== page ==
We will bring together people who never usually meet: academics and stakeholders from universities, community groups from beyond the university, policy makers, devout Muslims and secularists. Well planned involvement and effective knowledge exchange events will help them to develop and then share their practical answers to the challenges facing higher education of radicalisation, gender and interfaith

Planned Impact

The university sector is under various pressures, of which the securitisation agenda is a particularly disturbing one: universities are accused of allowing 'radicalisation' to violent Islamic causes to occur on campus unchecked. This research project will benefit research users both on and off campus by collecting, analysing and disseminating both existing and new knowledge, and facilitating knowledge exchange between and among stakeholder groups. Good management and infrastructural support will facilitate establishing relationships and networks with stakeholders. These will be enhanced by 'co-production' i.e. research methods that involve stakeholders in the research.
Well planned user engagement and knowledge exchange strategies will include workshops and a national conference to bring users/stakeholders together to share our findings about views on Islam on campus. We have identified five key stakeholder groups; our intention is to bring them together to define the major issues, to share their perspectives (as groups and as individuals) on our findings and to consider productive ways forward that benefit all:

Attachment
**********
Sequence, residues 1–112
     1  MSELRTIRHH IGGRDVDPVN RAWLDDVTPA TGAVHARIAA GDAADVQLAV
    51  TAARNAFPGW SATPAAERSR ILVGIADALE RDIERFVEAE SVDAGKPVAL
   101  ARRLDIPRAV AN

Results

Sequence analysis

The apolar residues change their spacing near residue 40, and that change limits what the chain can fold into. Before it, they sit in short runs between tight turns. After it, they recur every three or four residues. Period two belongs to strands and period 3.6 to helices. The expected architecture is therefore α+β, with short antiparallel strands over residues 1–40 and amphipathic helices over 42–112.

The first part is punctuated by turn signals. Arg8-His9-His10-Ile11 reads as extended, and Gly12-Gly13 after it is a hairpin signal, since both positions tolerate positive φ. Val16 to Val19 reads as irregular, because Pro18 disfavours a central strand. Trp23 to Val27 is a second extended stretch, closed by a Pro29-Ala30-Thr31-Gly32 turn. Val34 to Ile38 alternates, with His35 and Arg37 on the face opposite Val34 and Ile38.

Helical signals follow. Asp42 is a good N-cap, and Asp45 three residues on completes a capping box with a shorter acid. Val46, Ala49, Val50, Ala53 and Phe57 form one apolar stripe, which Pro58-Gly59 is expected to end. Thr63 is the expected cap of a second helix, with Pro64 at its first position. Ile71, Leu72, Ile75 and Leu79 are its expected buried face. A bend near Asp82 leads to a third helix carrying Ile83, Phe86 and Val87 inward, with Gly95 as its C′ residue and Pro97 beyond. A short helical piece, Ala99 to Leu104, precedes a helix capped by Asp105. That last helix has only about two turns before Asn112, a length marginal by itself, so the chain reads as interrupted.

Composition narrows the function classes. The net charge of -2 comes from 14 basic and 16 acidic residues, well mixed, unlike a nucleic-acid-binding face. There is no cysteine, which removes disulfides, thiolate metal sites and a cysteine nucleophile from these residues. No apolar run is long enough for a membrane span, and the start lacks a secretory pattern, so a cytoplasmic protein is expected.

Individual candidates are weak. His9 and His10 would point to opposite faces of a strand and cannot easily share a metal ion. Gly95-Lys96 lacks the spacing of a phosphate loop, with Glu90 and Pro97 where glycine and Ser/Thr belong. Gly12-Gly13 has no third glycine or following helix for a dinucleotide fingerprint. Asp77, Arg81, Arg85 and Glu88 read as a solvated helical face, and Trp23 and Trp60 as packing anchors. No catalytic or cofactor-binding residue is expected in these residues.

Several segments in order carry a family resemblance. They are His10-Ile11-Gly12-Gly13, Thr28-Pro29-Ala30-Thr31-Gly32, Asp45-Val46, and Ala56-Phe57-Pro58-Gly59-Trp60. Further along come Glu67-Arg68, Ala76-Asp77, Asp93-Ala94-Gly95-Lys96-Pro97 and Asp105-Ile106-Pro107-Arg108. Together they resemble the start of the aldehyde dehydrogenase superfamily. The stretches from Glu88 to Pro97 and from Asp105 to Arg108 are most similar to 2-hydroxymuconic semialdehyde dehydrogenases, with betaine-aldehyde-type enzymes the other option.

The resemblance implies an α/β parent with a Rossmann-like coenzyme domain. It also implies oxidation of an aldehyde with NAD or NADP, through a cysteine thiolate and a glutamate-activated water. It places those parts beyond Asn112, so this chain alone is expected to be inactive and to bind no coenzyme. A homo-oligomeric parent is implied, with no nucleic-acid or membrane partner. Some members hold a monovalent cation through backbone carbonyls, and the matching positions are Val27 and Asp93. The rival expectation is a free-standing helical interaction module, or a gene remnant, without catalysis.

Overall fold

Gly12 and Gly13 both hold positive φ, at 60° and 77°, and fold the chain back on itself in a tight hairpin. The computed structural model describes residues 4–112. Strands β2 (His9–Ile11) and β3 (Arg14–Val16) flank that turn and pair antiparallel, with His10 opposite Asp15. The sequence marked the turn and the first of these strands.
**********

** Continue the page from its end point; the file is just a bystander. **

1.UK universities and Muslim HE institutions: These are often perceived as being at opposite ends of a spectrum between fundamentalism and secularism. We will bring together scholars from both sides of this perceived dichotomy to discuss, suggest and validate strategies for increasing collaboration and understanding. There will be economic benefits to the academic sector, because the research findings will focus without prejudice upon a new client base: the Muslim population of Britain is growing fast, with over a quarter being of school and university age.

2. Academics and Scholars involved in Islamic Studies: They are responsible for course content and direct contact with students and will benefit from new clarity about Islamic Studies, its perspectives and methods across the HE sector, and its role in shaping discourses on Islam. The cross-university discussion generated by project seminars will also foster a greater awareness within the discipline of its changing context and the ways in which the impact of Islamic Studies could be enhanced, thereby hopefully fostering its sense of unity, internal coherence and academic standing. The team has a portfolio of research that will build its reputation with academics.

3. Policy makers: The increasing visibility of diverse populations in British universities reflects patterns in the UK generally, and legislation around equality obliges university policy makers and local and national governments to have frameworks for community cohesion. This research will provide critical commentary on government agendas around equalities (particularly of religion or belief), community cohesion and radicalisation by exploring their impact at universities and nationally through, for example, NUS, BIS and PREVENT.